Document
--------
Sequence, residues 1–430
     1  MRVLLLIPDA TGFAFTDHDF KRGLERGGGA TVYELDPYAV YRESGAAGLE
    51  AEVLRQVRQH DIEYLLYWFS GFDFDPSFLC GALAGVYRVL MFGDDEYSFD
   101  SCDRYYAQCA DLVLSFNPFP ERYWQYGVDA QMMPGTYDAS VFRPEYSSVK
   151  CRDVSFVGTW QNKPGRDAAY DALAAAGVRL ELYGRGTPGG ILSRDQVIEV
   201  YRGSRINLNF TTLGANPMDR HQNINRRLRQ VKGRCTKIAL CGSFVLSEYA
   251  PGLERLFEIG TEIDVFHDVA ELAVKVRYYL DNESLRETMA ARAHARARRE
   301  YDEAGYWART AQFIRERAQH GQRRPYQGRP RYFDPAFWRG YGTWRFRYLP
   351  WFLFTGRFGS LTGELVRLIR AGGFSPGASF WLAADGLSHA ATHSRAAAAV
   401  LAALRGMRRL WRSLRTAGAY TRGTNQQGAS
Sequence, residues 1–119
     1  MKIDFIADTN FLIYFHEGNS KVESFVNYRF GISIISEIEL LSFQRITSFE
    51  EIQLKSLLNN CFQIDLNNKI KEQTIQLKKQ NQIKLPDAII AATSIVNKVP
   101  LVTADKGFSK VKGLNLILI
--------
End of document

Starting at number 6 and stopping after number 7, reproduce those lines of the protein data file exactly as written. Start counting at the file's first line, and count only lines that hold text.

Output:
   201  YRGSRINLNF TTLGANPMDR HQNINRRLRQ VKGRCTKIAL CGSFVLSEYA
   251  PGLERLFEIG TEIDVFHDVA ELAVKVRYYL DNESLRETMA ARAHARARRE